Then suddenly Mavis says, “My brother,” as Ginny sits back down again.
“My brother,” Mavis repeats, somewhere just above a murmur. “My boggart is my brother. His name is Elliott. He’s ten. He’ll be eleven in May.” It's a flat statement of facts; she's distancing herself from the entire thing, as if to soften the blow.
Ginny isn’t sure what to say. Mavis’ brother is obviously still alive- is she frightened of losing him? Something terrible happening to him? Why specifically her brother, and not her sister? Is it because he’s younger? She traces a groove in the oily wood of the table top. Mavis doesn’t seem like she’s about to burst into tears. She’s almost… agitated, shoulders taut.
“I’ve never told anyone,” she says then, “about Elliott, but I- I’m going to tell you because you know what it’s like to have something else in control. Something evil.”
Ginny looks up at her warily.
“He got bit when he was seven,” Mavis is maintaining perfect eye contact, for once, unblinking, and she doesn’t look quite so silly or childish, with her face drawn in seriousness. “We don’t know by who. Daddy thinks it was Greyback; we were on holiday near one of his last sightings.”
Ginny is still confused until ‘Greyback’ and then it hits her. Mavis’ brother was bitten by Fenrir Greyback, one of the most notorious werewolves in Britain. Noted for going after children. Ginny has heard about werewolves, of course, she just… You hear about werewolves in the grisly write-ups in the Prophet, whenever there’s a death.
People don’t talk about the people who survive the attack, live with the bite. Lycanthropy is, well- Ginny learned, growing up, like most young witches and wizards, that lycanthropy was a fate worse than death, and those who had it were to be pitied at best. Certainly not associated with. But Mavis is talking about a ten year old little boy.
“Mavis,” she swallows hard, “I’m sorry. That- that’s horrible-,”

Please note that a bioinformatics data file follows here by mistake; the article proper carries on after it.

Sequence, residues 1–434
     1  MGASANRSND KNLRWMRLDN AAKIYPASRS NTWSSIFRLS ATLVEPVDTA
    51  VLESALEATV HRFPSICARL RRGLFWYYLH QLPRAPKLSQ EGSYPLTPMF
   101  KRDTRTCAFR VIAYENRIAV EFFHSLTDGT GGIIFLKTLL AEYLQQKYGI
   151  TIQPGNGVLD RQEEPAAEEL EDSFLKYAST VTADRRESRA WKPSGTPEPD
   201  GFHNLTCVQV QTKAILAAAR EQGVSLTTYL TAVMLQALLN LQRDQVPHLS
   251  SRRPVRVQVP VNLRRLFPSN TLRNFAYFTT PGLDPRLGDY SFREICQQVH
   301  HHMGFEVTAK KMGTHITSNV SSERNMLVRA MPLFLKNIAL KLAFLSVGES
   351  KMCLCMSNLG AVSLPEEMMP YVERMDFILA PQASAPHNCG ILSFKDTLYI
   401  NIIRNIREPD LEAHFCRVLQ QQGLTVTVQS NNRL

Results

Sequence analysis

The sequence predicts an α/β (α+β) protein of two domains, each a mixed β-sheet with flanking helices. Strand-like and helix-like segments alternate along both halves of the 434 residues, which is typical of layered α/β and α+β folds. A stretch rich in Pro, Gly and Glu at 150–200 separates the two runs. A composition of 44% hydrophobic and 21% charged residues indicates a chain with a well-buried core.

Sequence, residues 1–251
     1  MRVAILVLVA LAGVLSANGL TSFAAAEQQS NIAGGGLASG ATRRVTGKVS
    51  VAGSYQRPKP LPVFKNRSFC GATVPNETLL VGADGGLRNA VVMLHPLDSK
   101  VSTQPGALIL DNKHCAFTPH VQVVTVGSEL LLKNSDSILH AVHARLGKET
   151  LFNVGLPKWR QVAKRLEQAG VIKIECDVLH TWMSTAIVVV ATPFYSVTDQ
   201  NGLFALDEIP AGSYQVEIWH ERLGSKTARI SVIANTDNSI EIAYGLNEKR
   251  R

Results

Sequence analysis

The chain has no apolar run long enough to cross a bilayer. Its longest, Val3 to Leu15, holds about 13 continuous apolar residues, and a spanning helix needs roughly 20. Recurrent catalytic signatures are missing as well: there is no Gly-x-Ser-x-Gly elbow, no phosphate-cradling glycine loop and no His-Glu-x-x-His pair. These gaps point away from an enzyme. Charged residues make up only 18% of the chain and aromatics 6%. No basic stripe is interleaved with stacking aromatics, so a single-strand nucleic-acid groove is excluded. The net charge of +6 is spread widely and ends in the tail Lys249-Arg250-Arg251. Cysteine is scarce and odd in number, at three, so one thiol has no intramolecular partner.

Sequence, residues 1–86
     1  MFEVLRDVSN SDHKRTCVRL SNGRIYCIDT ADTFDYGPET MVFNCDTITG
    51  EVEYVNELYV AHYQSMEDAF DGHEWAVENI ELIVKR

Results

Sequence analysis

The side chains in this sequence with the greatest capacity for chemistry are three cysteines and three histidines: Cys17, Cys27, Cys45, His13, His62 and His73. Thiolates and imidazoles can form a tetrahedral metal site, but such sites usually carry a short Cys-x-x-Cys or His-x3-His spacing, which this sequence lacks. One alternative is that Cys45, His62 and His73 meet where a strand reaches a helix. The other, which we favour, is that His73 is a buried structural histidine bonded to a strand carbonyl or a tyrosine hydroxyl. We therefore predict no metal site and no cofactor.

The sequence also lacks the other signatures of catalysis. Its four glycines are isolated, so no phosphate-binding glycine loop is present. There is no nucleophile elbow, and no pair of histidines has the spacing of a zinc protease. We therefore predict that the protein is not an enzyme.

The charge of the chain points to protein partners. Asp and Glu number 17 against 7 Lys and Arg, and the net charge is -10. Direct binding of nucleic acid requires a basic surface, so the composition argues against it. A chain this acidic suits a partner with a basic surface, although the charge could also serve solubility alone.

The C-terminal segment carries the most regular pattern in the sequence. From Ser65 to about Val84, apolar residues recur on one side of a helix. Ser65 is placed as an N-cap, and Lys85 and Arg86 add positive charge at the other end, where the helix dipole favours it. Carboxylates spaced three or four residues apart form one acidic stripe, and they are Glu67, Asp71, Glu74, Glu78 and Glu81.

“Why are you sorry?” Mavis asks tightly. “You didn’t bite Elliott. You didn’t make my parents blame one another, for not stopping it in time. You didn’t make them blame my sister and I, for not watching him well enough. He spent a month in St. Mungo’s recovering. Daddy started taking longer and longer cursebreaking missions, after that. Wolfsbane potion is expensive.”
She grimaces. “Addy and I stay with him during the summer, and Elliott lives in Norwich with Mum. Daddy can’t even look at him anymore, and Mum’s only letting him attend Hogwarts because Professor Dumbledore…”
Ginny stares. “Dumbledore?”
“Professor Dumbledore said a werewolf had attended Hogwarts before, and further attacks and infection had been avoided,” Mavis recites quietly, taking an anxious sip of her butterbeer.
“I.. then that’s good, right?” Ginny asks weakly. “Your brother can be…”
“Normal?” Mavis offers a nearly sardonic smile. “He’s registered with the Ministry. He’ll never be able to hold down a job in our world. They’ll throw him out on the street, attack him in mobs. People will act like he’s a murderer if they find out about it. He’s doomed to a life of fear and poverty. So no, he’ll never be normal. Even I’m scared of him sometimes, and I’m his sister. I’m supposed to look out for him, and he’s my boggart. My own brother.”
Ginny bites her lip, hard, and then reaches across the table to grip Mavis’ hand. “What happened to your brother isn’t fair, but you can’t blame yourself for how you feel about it. That’s not going to help. If you didn’t- if you didn’t love him at all, then you wouldn’t feel that fear. You care, Mavis, I know you do.”
She wants to say more, but just then she spots Luna’s rainbow-hued scarf in the crowd, and almost doesn’t hear Mavis’ near-silent “Thank you,” before Luna and Sinead arrive, laden down with bags.
“What’s with the glum faces?” Sinead demands happily, slumping into a chair. “Are we breakin’ the rules and riskin’ expulsion, or late to a funeral? Though, Luna reckons we just saw a Grim in some alleyway. Looked like a stray dog rooting through the bins to me.”
“Ooh, butterbeer,” Luna says, sniffing appreciatively at Ginny’s cup. “You know the smell of it is said to attract nargles.”
Chapter 8: I look at things now in a different light